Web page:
(iv) Other conditions. In addition to the conditions listed in paragraphs (h)(4)(i) through (iii) of this section, an operator must evaluate any condition identified by an integrity assessment or information analysis that could impair the integrity of the pipeline, and as appropriate, schedule the condition for remediation. Appendix C of this part contains guidance concerning other conditions that an operator should evaluate.
(i) What preventive and mitigative measures must an operator take to protect the high consequence area? -
(1) General requirements. An operator must take measures to prevent and mitigate the consequences of a pipeline failure that could affect a high consequence area. These measures include conducting a risk analysis of the pipeline segment to identify additional actions to enhance public safety or environmental protection. Such actions may include, but are not limited to, implementing damage prevention best practices, better monitoring of cathodic protection where corrosion is a concern, establishing shorter inspection intervals, installing EFRDs on the pipeline segment, modifying the systems that monitor pressure and detect leaks, providing additional training to personnel on response procedures, conducting drills with local emergency responders and adopting other management controls.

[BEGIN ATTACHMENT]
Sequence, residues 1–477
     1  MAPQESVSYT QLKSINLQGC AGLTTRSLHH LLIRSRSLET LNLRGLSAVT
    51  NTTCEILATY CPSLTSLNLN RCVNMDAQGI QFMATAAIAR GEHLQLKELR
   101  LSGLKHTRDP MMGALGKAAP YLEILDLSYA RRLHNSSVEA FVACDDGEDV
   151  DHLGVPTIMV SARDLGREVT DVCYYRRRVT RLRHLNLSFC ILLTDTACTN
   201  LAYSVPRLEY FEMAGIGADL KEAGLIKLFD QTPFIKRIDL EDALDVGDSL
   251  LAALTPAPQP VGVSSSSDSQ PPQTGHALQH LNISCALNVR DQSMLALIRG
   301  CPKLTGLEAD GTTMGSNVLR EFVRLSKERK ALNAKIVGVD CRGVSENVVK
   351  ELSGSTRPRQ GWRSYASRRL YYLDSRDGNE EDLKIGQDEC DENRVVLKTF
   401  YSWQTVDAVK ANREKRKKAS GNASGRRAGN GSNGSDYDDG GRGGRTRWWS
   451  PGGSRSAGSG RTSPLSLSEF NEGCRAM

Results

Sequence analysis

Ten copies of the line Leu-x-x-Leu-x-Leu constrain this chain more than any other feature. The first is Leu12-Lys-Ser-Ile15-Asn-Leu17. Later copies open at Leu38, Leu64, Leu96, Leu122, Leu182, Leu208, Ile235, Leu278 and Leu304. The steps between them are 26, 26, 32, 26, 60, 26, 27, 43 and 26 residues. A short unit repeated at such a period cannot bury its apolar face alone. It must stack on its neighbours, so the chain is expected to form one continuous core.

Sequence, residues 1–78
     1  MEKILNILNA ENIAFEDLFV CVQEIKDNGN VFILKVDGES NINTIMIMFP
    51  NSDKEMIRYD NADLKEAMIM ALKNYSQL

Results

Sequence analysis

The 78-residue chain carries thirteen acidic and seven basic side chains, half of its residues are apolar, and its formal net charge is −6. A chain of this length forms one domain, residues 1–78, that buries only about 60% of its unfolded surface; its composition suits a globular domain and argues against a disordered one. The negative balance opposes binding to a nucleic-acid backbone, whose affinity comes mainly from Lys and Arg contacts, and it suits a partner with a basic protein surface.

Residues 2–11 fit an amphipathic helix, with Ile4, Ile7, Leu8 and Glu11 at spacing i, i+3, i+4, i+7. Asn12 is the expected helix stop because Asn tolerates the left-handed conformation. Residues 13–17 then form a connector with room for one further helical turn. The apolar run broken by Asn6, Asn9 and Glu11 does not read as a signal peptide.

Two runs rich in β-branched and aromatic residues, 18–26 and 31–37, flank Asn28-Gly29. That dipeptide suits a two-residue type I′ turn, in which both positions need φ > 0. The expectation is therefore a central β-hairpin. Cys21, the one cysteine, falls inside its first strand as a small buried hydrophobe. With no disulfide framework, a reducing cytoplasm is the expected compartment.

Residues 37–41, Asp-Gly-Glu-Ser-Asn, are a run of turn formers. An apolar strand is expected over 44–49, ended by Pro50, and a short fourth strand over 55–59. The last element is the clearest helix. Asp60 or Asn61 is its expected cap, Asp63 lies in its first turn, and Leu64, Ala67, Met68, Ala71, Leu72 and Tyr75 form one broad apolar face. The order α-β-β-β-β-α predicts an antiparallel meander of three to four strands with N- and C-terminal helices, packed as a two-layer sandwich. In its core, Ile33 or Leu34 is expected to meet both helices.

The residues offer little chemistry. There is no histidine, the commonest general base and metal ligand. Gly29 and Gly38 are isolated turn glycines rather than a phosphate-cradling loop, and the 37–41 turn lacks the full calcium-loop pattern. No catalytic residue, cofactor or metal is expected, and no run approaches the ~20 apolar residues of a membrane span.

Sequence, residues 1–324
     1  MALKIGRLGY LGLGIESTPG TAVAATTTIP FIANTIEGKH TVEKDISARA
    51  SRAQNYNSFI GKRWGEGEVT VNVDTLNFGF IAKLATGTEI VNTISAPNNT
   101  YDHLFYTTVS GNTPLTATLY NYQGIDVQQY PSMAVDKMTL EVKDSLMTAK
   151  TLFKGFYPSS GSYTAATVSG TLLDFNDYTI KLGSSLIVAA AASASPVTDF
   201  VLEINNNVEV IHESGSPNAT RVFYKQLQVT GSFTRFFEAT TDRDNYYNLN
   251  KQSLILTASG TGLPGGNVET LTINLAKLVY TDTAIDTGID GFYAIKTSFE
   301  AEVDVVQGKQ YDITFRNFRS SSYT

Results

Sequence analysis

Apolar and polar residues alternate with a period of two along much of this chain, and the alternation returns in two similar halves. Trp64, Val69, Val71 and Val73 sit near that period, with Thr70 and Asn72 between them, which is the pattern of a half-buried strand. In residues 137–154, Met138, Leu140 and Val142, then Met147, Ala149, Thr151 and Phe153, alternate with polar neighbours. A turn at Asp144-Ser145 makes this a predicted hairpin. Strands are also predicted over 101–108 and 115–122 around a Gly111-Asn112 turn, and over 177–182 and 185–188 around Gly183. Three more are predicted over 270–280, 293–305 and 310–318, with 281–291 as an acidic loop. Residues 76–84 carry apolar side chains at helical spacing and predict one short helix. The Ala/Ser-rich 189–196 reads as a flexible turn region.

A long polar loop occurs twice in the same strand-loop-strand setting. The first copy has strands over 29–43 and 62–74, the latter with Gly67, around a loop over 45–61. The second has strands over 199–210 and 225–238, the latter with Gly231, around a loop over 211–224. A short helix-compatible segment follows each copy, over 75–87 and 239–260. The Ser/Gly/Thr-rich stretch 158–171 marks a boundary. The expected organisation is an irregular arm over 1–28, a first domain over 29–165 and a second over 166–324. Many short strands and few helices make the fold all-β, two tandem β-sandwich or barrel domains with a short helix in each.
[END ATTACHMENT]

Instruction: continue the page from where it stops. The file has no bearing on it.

(2) Risk analysis criteria. In identifying the need for additional preventive and mitigative measures, an operator must evaluate the likelihood of a pipeline release occurring and how a release could affect the high consequence area. This determination must consider all relevant risk factors, including, but not limited to:
(i) Terrain surrounding the pipeline segment, including drainage systems such as small streams and other smaller waterways that could act as a conduit to the high consequence area;
(ii) Elevation profile;
(iii) Characteristics of the product transported;
(iv) Amount of product that could be released;
(v) Possibility of a spillage in a farm field following the drain tile into a waterway;
(vi) Ditches along side a roadway the pipeline crosses;
(vii) Physical support of the pipeline segment such as by a cable suspension bridge;
(viii) Exposure of the pipeline to operating pressure exceeding established maximum operating pressure;
(ix) Seismicity of the area.
(3) Leak detection. An operator must have a means to detect leaks on its pipeline system. An operator must evaluate the capability of its leak detection means and modify, as necessary, to protect the high consequence area. An operator's evaluation must, at least, consider, the following factors - length and size of the pipeline, type of product carried, the pipeline's proximity to the high consequence area, the swiftness of leak detection, location of nearest response personnel, leak history, and risk assessment results.